What do mangoes, cashews, pistachios, and poison ivy have in common?

Deepti Pradhan
4 min readJun 29, 2017

Answer: A loan-word from Japanese — “urushi”, and then some.

Writing box with cranes, Japan, Edo period, 1603–1868 AD, wood, black lacquer, gold and silver maki-e — Linden-Museum — Stuttgart, Germany (Wikipedia)

Lacquered objects from Asia are highly treasured works of art. Lacquering was a complicated and sensitive process where the sap of the urushi tree was used to repeatedly coat the object, yielding a smooth and shiny finish. The sap from the urushi tree, or the Asian lacquer tree (Toxicodendron vernicifluum) is rich in a particular mixture of organic compounds that share a common basic structure — catechol — with additional atoms in multiple combinations; collectively they are referred to as urushiol (pronounced you-rue-she-ol). The higher the concentration of urushiol in the sap, the smoother and shinier the finish of the lacquer.

The urushi tree is a member of the Anacardiaceae family, commonly known as the cashew family; other members of the family include mango, pistachio, and poison ivy. Sumac (Rhus coriaria), a spice that is common in Middle Eastern cuisine, also belongs to the Anacardiaceae family, but lacks urushiol; poison sumac (Toxicodendron vernix) on the other hand does contain urushiol. The two sumacs belong to unique genera in the same family [a botanical family is the equivalent of a town; the genus (plural=genera) is the equivalent of a street; the species is the equivalent of your apartment number].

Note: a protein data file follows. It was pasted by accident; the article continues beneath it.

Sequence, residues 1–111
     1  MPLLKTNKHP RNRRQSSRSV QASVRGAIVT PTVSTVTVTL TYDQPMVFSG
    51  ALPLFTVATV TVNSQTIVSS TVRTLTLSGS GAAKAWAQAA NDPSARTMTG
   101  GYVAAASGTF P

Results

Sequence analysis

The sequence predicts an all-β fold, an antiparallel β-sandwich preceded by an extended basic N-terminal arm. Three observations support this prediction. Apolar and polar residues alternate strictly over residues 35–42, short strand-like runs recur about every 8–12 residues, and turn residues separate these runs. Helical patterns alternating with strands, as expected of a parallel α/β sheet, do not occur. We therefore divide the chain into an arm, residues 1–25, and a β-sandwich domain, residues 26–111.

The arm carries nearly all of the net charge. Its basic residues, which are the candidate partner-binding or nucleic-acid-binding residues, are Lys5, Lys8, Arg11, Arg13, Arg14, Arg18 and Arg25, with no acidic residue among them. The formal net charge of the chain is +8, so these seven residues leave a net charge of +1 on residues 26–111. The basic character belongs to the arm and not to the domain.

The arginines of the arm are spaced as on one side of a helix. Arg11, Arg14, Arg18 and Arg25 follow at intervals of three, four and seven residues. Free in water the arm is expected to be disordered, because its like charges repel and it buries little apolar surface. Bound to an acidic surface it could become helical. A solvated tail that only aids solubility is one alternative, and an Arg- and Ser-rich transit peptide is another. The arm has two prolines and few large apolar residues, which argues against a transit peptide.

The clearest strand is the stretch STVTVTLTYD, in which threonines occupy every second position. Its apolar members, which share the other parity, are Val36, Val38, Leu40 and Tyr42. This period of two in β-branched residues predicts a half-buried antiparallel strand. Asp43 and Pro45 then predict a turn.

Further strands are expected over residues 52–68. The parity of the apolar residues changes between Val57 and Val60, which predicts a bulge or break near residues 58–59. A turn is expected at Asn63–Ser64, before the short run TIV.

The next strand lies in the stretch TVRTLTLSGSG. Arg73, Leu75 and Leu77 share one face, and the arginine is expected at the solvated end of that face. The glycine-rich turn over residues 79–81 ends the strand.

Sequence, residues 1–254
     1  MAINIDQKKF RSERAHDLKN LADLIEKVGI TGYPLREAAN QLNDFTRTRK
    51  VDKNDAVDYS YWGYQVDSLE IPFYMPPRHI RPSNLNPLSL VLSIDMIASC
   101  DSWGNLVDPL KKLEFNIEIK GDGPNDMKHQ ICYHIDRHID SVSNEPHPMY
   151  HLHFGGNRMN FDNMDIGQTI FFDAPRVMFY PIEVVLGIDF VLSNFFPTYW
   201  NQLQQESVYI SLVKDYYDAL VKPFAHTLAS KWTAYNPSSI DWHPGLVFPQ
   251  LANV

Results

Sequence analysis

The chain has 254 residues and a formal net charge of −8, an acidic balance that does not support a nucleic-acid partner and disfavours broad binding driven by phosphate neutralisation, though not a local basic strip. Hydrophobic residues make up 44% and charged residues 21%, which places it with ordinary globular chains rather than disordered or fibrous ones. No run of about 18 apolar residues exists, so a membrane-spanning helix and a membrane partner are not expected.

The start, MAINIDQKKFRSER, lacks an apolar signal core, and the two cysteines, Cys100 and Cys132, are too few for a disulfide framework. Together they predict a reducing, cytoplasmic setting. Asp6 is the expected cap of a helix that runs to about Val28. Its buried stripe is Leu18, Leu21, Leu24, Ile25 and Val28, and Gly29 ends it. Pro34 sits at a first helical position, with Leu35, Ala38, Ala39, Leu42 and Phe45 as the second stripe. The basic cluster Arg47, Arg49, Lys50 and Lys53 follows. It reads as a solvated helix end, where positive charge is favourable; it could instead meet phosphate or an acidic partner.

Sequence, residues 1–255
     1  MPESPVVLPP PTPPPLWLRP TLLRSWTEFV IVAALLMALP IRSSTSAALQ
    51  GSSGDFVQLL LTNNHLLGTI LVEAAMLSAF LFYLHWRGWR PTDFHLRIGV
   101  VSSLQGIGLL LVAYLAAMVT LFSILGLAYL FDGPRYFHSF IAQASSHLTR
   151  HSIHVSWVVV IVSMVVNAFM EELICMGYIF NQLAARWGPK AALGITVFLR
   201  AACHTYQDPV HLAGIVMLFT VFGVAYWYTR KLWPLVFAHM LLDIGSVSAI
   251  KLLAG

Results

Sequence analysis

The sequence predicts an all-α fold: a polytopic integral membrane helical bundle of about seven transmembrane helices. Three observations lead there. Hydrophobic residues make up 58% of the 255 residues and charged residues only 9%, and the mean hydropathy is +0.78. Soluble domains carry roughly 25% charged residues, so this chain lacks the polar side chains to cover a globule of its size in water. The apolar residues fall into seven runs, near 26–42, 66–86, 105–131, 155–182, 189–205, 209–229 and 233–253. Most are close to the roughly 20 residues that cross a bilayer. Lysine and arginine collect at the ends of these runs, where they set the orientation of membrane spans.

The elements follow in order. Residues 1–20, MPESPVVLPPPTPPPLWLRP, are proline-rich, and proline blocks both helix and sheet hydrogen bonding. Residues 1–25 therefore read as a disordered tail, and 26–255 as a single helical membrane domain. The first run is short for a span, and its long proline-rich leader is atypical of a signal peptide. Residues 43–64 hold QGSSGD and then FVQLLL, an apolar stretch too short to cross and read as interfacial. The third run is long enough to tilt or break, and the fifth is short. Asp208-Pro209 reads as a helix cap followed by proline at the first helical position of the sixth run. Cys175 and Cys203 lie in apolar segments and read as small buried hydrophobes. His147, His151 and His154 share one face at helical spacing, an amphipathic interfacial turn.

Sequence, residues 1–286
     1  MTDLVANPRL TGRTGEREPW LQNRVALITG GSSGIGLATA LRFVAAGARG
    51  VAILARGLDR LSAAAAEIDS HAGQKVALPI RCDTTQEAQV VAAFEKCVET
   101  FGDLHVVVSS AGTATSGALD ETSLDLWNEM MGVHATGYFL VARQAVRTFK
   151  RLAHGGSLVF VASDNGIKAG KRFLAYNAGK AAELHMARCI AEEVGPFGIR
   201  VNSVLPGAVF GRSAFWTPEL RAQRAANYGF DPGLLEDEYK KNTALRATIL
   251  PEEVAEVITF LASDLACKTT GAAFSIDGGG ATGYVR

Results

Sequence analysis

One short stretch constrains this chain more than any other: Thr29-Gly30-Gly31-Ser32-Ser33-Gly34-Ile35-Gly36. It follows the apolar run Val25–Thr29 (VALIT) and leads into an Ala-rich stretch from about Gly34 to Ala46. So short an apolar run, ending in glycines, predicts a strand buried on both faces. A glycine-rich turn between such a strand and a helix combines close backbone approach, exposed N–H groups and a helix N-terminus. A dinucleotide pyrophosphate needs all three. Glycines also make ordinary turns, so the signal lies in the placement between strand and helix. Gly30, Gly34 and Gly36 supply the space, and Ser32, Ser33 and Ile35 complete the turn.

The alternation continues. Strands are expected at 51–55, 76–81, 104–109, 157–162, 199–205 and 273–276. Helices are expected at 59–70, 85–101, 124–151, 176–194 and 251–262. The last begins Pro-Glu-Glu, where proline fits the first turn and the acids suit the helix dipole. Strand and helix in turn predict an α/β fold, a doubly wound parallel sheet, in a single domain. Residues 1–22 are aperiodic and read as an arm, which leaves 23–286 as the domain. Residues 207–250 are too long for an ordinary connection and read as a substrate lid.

Urushiol is present at varying concentrations in poison ivy, mango, cashew, and pistachio. It is stored in the vascular system of these plants, and is released when the plant is either touched (poison ivy); or injured (mango, cashew, pistachio, poison ivy). It is hydrophobic (not soluble in water), and can be destroyed at high temperatures. According to the American Academy of Dermatology, “Most people (85 percent) develop a rash when they get urushiol on their skin.” However, the severity of the rash is a function of how one’s immune system reacts to the urushiol, and also the concentration of urushiol. Because of the high concentration of urushiol in poison ivy, urushiol-sensitive individuals might not react as adversely to exposure to mangoes, as they might to exposure to poison ivy. A video from the National Institute of Occupational Safety and Health (NIOSH) illustrates how urushiol causes an allergic reaction.

Deepti Pradhan

Employed at Yale University, Deepti is primarily a scientist & patient advocate. She runs Tilde Cafe, a forum to make science accessible (www.tildecafe.org)